NOTE: the behaviour of this keyword has changed. Originally, the entire raw request body was kept in RAM for this accessor, but that's not ideal if you handle large requests (file uploads, etc), so in 1.3143 that was ditched, and the body accessor replaced by a convenience method which would get the temp file handle that HTTP::Body uses, read it for you and return the content, so that if you did want the raw body, it was there. However, HTTP::Body only creates a temp file for certain types of request, leading to unpredictable behaviour and confusion - see issue #1140.

So, handling of the raw request body is now controlled by a configuration setting, raw_request_body_in_ram, which controls whether or not the raw request body will be kept in RAM when it's parsed; if this is set to a false value, then the body accessor will not return anything, giving you lower memory usage, at the cost of not having access to the raw (unparsed) request body.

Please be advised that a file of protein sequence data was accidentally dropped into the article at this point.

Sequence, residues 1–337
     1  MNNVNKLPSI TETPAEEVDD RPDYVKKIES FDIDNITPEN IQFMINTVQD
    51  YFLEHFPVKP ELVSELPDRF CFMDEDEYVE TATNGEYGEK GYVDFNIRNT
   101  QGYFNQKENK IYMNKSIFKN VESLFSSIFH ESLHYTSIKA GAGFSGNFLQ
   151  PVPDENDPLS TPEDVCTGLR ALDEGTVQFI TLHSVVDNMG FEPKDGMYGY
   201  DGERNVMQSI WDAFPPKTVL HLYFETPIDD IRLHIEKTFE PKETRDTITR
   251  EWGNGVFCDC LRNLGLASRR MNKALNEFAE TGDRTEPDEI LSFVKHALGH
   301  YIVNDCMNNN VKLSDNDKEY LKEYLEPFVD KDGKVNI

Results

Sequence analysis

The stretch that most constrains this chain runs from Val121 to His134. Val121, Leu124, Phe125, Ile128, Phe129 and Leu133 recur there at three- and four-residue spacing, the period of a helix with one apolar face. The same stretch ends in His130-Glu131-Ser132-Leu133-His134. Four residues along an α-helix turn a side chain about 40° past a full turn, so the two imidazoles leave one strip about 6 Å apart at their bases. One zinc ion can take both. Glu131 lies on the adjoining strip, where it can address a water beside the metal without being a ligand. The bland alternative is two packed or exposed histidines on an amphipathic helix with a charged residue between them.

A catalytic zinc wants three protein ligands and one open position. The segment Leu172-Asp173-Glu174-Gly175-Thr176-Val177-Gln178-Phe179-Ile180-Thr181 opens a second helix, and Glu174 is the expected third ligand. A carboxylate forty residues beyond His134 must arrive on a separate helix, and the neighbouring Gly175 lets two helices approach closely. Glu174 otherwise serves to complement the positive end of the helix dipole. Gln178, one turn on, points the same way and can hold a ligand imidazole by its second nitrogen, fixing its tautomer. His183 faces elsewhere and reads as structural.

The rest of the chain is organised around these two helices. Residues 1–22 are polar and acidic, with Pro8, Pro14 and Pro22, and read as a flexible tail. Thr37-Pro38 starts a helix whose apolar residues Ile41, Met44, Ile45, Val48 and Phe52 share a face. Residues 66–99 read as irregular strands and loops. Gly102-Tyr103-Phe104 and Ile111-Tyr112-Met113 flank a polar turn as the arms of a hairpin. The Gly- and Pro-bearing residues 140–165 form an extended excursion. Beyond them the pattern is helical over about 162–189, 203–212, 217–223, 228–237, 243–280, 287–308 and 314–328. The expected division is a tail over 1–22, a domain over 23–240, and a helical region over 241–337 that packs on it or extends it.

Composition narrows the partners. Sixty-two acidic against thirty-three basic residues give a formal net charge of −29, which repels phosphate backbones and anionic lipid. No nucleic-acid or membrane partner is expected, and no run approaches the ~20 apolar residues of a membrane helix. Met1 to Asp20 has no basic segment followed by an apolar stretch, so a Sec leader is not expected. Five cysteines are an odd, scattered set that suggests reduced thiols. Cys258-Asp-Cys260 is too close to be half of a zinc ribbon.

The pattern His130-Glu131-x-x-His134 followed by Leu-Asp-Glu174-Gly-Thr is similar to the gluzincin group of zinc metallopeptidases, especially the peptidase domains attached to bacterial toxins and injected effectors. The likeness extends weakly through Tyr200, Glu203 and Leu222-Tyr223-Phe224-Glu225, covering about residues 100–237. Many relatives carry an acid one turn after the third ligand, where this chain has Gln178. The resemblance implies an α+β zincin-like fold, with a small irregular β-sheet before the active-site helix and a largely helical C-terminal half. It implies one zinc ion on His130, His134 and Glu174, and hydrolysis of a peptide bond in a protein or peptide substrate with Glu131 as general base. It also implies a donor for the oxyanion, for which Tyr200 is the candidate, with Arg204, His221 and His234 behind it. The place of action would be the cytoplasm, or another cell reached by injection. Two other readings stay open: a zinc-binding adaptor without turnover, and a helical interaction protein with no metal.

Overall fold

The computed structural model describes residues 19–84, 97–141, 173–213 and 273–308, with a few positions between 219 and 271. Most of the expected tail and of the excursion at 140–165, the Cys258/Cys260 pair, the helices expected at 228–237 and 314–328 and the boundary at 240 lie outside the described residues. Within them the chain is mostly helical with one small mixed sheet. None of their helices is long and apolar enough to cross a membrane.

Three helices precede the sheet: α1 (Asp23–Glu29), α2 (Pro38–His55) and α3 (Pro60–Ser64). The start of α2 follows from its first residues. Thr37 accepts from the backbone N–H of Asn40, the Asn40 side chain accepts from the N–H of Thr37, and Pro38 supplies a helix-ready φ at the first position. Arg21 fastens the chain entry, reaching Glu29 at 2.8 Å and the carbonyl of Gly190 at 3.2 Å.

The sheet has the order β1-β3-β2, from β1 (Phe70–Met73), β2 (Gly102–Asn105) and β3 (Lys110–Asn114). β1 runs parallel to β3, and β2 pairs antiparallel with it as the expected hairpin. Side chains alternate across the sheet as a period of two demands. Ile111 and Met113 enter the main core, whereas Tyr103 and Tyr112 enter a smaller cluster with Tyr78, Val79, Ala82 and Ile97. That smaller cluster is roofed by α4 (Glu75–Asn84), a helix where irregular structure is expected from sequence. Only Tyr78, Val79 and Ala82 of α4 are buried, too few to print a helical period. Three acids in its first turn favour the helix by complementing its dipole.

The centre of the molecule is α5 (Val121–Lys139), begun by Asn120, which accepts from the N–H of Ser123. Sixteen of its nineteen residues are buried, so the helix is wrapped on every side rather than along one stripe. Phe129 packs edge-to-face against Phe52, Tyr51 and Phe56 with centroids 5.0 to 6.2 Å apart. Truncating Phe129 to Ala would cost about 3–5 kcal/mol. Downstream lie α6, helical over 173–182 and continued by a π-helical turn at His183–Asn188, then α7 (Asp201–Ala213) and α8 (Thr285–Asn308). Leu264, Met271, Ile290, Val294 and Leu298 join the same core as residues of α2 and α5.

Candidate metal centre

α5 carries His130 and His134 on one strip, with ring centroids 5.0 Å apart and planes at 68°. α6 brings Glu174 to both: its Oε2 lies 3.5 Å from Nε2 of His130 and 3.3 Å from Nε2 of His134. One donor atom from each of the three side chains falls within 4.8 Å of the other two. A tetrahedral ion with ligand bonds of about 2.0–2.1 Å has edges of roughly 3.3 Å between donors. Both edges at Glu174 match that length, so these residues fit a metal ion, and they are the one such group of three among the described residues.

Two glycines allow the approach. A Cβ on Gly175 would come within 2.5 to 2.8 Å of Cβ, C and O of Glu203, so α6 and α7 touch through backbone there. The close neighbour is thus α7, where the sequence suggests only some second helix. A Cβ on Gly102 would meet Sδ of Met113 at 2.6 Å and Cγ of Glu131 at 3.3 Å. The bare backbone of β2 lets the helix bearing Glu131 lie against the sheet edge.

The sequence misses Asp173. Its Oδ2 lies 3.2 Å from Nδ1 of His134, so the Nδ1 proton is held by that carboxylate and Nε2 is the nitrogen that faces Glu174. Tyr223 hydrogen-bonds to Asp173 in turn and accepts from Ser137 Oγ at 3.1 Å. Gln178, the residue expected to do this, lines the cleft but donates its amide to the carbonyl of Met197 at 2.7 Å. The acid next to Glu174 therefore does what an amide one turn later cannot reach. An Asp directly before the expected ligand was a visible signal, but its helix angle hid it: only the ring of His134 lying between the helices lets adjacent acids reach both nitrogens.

Return true if the value of the header X-Requested-With is XMLHttpRequest.


Return the current environment as a hashref.

Note that a request's environment is not always reflected by the global variable %ENV (e.g., when running via Plack::Handler::FCGI). In consequence, it is recommended to always rely on the values returned by env(), and not to access %ENV directly.


Returns a reference to a hash containing uploads. Values can be either a Dancer::Request::Upload object, or an arrayref of Dancer::Request::Upload objects.

You should probably use the upload($name) accessor instead of manually accessing the uploads hash table.